ULI Chicago and the National Trust for Historic Preservation are continuing to move ahead in their partnership to promote building reuse in Chicago. The second stakeholder convening for this project, held on October 1, brought together approximately 50 industry experts from a variety of backgrounds including developers, architects, planners, non-profit organizations, and public sector representatives. This diverse and experienced group worked together to develop potential solutions to the most significant barriers to building reuse identified during the June stakeholder convening.
Commissioner David Reifman from the City of Chicago’s Department of Planning and Development participated in the discussion and in his opening remarks, emphasized the importance of reinvesting in the City’s rich stock of existing buildings to strengthen its overall urban fabric. The National Trust kicked-off the discussion with a presentation of a spatial analysis of building reuse opportunities in Chicago based on several socio-economic and real estate metrics, followed by best practices in promoting building reuse from around the country.
Meeting attendees proposed many creative solutions to overcome reuse barriers in Chicago, including:
- Building capacity in the Aldermanic ward offices, where most development approval decisions are made, by providing access to a team of “roving” planners and architects well versed in the development process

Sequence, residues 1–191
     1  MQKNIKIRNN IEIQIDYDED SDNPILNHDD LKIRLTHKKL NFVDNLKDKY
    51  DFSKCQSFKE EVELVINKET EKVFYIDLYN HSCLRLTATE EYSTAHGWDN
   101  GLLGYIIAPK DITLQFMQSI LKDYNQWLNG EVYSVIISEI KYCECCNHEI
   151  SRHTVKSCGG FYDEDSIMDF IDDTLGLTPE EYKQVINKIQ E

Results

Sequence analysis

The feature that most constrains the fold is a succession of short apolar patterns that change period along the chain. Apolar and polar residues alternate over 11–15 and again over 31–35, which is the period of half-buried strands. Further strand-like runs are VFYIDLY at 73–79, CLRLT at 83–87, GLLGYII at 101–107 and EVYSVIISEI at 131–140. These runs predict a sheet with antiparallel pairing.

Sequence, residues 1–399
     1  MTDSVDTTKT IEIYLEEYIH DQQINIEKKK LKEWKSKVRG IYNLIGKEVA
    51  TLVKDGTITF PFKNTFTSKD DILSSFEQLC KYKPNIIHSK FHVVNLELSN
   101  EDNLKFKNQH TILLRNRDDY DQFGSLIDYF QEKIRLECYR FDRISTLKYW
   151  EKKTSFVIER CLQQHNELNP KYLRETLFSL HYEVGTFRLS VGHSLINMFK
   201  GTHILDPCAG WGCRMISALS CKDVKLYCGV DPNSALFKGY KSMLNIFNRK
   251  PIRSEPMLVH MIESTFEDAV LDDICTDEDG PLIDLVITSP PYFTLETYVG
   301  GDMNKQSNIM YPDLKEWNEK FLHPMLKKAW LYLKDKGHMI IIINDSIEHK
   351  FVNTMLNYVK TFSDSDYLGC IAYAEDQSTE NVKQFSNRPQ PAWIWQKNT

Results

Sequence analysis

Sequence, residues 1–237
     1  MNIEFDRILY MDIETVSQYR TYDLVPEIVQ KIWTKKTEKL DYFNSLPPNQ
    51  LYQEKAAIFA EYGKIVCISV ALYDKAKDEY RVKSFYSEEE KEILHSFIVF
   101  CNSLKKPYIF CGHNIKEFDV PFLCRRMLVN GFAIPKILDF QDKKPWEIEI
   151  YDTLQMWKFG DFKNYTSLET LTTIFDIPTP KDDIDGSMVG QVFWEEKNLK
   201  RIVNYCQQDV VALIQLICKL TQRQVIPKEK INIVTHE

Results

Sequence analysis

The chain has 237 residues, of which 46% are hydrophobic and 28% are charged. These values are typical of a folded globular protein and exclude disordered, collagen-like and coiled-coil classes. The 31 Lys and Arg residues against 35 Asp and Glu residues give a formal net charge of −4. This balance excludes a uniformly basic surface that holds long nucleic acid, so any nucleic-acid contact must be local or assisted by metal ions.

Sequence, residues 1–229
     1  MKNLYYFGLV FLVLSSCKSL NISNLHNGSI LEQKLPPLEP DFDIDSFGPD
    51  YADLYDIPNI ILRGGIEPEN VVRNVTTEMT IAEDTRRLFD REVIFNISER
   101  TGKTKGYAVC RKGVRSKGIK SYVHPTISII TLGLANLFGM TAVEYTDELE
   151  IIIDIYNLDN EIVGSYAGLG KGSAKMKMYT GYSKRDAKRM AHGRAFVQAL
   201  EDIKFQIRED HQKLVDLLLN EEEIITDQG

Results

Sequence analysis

- Giving away lots located adjacent to older, viable buildings to interested developers to make it easier to make needed modification/additions to older buildings
- Using funds from in-lieu fees collected under the City’s amended Affordable Requirements Ordinance (ARO) and other programs as appropriate, to create affordable housing units by reusing existing buildings in high need areas
- Focusing on specific building types and preparing a “how-to” toolkit for reuse, similar to the highly successful Chicago Bungalow Initiative
- Increasing access to capital through non-traditional sources of financing such as crowd-funding and L3Cs (low-profit limited liability companies) formed with the mission of promoting building reuse.
The ideas generated at the stakeholder convenings will be further analyzed by our project advisory committee as we move into the next phase of developing implementable recommendations to overcome reuse barriers. Stay tuned for updates and additional opportunities to participate in the next phase of the project in Winter 2015-2016.
Learn more about ULI Chicago’s Building Reuse Partnership